THE GROWTH OF SOCIALISM in the United States has been hampered by the lack of imagination of the leaders of socialist thought. The appeal of the socialist has always been to the future, with a paradisiacal vision of economic plentitude and true democratic freedom. That is — the level of appeal has been a mixture of economic and social goods and leisure in a milieu of democratic-liberal sentiment. This has been good but not good enough.
PREFATORY NOTE: While researching a book on African-Americans and the anti-Stalinist left in the archives last summer, I stumbled across a striking and long-forgotten document, "Socialism and Sex," in a 1952 discussion bulletin, The Young Socialist. In one page, its author H. L. Small — almost surely a pseudonym — provided an elegant, concise exposition on behalf of destigmatizing consensual sexuality between same-sex lovers.
ON THE EVE OF 2009, it is impossible to speak of a national gay liberation movement, as that would entail active groups of people mobilizing at the grassroots to achieve common aims.
IN 1865, WHILE MARX, IN HOLLAND, was playing the Victorian parlor game “Confessions” with his daughter Jenny, when asked for his favorite maxim he replied, “Nihil humani a me alienum puto” or “nothing human is alien to me,” a dictum he had lifted from the second century B.C. Carthaginian slave-turned-playwright Terentius (Terence.)
IN 1865, WHILE MARX, IN HOLLAND, was playing the Victorian parlor game “Confessions” with his daughter Jenny, when asked for his favorite maxim he replied, “Nihil humani a me alienum puto” or “nothing human is alien to me,” a dictum he had lifted from the second century B.C. Carthaginian slave-turned-playwright Terentius (Terence).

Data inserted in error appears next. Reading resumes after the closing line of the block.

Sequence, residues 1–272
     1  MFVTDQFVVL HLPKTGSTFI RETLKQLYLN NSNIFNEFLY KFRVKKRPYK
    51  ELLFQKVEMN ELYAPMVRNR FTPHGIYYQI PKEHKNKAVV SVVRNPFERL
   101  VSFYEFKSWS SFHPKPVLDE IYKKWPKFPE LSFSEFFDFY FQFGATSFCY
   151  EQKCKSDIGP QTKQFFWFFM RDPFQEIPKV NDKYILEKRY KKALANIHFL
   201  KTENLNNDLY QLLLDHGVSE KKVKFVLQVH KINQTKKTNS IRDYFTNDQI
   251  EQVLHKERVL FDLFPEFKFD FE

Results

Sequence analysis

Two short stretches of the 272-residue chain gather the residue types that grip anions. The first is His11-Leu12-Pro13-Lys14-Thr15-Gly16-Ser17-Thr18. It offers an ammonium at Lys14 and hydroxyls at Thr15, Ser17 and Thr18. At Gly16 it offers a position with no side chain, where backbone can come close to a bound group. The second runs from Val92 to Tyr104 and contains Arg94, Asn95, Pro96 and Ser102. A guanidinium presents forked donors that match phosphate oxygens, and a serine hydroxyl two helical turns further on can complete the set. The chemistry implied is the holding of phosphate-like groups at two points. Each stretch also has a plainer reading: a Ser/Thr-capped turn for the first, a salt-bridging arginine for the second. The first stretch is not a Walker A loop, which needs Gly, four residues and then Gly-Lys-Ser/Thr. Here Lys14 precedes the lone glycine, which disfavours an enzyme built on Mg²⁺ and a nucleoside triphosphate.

SAME-SEX DESIRE has always been a part of human life.There is much evidence, though not yet conclusive, that a predominant sexual attraction to members of one’s own sex is innate. But innate or not, we know that it is definitely formed early in life, certainly before the age of ten.
The Sweet Little Old Gray-Haired Lady in Sneakers
AS SEVERAL OF THE PARTICIPANTS in Part I of this symposium noted, the association between lesbians, gays, and the left was a constant through much of the 20th century. It is an open question whether that connection will amount to much in the 21st century. As in many countries, there is a push in the United States today to incorporate lesbians and gays into the prevailing sexual and familial order. Given how that order is structured under capitalism, probably the best it can offer us is second-class citizenship.
IN THE LAST ISSUE OF NEW POLITICS, we published Part I of a symposium on gays and the left, with contributions by Bettina Aptheker, John D’Emilio, Martin Duberman, Jeffrey Escoffier, and David McReynolds, and a piece by Christopher Phelps on a 1952 document of the Socialist Party youth that urged the SP to support the decriminalization of same-sex activity. Below is Part II of the symposium, with articles by Peter Drucker, Marcia Gallo, Thomas Harrison, Doug Ireland, and Sherry Wolf. We invite responses from our readers.